You can’t open a newspaper or go online without reading about the Governor signing the 103-page association bill, SB 1196. Why is this bill big news?
First, the bill was the culmination of years of work on the part of advocates and groups that sought more sensitive treatment for existing buildings in terms of expensive Building Code upgrades and retrofits. Governor Crist vetoed a bill last year (714) which contained retrofit relief language so this year’s signature is all the more rewarding especially in light of the fact that the retrofit relief contained in SB 1196 goes far beyond what was contained in last year’s bill which he vetoed.
Second, the bill contains a provision that requires lenders foreclosing on units in condominiums to pay the lesser of 12 months past due assessments or 1% of the original mortgage debt. Currently, Chapter 718 provides for the lesser of 6 months or 1%. To all the naysayers out there complaining that this does nothing, I say do the math. An association cannot do worse under this change and some will do significantly better. Yes, it would have been wonderful to increase the 1% cap to 2% or more in addition to increasing the number of months owed but legislation is an incremental process. Small bites at the apple are better than no bites.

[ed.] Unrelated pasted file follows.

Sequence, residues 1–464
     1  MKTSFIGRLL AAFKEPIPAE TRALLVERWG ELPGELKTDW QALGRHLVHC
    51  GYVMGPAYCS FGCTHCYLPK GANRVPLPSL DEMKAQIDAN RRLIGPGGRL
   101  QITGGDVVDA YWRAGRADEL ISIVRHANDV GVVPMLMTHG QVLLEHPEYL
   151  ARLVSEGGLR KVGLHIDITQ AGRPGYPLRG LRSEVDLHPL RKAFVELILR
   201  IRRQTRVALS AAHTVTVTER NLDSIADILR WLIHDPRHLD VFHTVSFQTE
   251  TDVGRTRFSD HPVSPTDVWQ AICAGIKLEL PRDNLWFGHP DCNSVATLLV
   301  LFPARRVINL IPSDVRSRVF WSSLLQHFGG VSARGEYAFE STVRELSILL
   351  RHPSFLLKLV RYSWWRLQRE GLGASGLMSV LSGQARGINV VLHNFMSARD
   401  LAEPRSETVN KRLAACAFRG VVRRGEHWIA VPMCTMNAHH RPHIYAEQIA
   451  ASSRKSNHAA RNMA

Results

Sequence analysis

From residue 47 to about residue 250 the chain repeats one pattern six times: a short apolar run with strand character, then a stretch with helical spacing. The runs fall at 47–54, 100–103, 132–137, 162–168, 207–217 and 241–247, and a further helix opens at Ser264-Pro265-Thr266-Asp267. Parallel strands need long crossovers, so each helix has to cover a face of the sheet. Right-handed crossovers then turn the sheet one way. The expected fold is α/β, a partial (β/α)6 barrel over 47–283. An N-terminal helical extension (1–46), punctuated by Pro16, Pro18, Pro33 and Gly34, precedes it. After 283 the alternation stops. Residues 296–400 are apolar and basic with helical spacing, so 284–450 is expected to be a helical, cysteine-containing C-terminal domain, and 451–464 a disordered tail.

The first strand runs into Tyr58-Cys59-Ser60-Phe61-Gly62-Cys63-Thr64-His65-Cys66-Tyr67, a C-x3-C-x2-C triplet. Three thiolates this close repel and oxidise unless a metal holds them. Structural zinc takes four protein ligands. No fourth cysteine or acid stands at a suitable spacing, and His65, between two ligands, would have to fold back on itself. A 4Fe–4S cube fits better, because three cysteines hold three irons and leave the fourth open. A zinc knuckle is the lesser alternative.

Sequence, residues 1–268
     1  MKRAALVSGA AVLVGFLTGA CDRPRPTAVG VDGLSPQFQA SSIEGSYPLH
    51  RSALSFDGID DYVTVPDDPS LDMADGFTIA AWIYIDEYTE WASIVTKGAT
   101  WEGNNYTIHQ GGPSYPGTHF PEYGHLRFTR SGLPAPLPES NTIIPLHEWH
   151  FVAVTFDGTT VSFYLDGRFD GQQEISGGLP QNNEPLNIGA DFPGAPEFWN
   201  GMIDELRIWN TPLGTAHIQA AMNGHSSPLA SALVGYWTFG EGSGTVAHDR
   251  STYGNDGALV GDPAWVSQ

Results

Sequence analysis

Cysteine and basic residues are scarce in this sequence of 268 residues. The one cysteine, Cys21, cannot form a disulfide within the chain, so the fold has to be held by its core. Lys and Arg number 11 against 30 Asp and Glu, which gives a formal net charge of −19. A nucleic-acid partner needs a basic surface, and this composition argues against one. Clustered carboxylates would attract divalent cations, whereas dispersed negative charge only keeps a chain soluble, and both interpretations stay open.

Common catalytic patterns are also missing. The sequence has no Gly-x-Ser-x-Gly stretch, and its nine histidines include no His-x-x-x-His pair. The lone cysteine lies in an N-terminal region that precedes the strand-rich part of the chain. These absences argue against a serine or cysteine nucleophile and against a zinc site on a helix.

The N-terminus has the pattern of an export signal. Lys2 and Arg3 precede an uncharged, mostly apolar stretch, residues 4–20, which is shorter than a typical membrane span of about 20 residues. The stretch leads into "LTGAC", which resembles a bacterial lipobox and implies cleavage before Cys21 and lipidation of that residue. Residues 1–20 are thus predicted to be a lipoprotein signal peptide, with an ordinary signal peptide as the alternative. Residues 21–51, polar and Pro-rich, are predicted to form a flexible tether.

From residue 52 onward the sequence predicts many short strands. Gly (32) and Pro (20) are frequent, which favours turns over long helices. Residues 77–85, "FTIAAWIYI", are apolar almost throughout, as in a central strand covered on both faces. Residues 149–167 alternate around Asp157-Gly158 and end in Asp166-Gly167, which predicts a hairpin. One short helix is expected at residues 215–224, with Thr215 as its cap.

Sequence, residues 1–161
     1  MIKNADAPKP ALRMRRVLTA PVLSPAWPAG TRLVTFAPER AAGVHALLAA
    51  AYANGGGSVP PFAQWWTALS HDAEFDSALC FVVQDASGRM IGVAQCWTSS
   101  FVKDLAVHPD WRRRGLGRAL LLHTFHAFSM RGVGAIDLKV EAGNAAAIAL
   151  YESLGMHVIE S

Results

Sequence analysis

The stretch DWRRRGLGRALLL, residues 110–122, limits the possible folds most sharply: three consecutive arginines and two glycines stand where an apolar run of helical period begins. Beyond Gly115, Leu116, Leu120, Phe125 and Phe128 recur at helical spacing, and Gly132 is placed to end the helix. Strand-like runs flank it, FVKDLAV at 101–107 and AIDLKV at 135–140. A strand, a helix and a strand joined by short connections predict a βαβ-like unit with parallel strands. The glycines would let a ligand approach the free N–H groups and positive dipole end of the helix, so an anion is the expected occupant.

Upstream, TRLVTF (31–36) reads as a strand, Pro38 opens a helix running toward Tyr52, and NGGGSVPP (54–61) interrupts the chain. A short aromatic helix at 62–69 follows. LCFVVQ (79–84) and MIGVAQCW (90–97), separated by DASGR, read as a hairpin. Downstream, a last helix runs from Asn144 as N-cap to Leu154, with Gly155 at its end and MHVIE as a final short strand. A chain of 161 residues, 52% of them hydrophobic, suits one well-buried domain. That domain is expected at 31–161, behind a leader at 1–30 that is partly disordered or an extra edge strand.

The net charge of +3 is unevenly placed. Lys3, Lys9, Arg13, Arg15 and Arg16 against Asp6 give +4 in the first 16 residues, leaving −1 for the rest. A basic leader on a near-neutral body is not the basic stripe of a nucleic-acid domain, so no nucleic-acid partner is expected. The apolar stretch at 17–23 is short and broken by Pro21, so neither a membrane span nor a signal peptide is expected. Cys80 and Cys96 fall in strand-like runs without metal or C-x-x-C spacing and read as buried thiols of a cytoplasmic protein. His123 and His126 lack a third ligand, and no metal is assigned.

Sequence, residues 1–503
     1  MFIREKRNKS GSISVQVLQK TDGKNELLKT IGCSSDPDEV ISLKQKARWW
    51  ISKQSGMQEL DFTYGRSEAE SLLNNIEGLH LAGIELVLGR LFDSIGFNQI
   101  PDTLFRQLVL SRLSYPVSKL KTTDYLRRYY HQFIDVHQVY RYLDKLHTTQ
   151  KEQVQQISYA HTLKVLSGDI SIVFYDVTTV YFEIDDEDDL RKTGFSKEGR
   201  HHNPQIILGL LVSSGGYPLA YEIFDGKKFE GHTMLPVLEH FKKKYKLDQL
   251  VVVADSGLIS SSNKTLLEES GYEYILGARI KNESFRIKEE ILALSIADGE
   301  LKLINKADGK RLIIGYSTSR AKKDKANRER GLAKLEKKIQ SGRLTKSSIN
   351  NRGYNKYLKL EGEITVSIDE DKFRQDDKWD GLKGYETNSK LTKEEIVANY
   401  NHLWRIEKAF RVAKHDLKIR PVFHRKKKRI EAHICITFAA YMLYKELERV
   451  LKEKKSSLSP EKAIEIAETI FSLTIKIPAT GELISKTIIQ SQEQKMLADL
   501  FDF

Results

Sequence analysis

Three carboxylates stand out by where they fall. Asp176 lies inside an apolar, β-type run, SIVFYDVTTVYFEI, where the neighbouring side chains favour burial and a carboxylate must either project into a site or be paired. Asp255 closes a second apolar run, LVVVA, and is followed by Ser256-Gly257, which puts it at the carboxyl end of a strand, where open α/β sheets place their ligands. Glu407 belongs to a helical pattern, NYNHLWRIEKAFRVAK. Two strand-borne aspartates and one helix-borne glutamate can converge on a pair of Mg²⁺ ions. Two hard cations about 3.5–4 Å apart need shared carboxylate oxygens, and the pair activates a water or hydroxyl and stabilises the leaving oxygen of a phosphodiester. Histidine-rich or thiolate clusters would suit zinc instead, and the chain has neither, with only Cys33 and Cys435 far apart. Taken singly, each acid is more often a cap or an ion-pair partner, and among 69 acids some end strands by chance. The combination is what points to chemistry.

Third, the bill would allow both HOA’s and condominiums to collect rent from tenants in delinquent properties. This is not an area where a board should plunge blindly ahead. A clear strategy needs to be created as to how this will be handled and by whom. The new statutory provision does NOT allow an association to rent out abandoned units if the association does not have title to them. An association with a large number of abandoned units can attempt to rent those out prior to taking title through the use of a Court-appointed Receiver. The provisions in 1196 do not address that problem. They do address the issue of units with tenants already in them where the owners are not paying maintenance.
Many of you are already asking questions about this law and its real-life impact on your communities. The bill bears an effective date of July 1st. My Firm is doing a bullet point guidebook for our clients as to the best way to implement these changes to maximize benefit to their communities. Now is the time to get with your association counsel and ask them to help you map out precise implementation plans for the many changes this bill brings.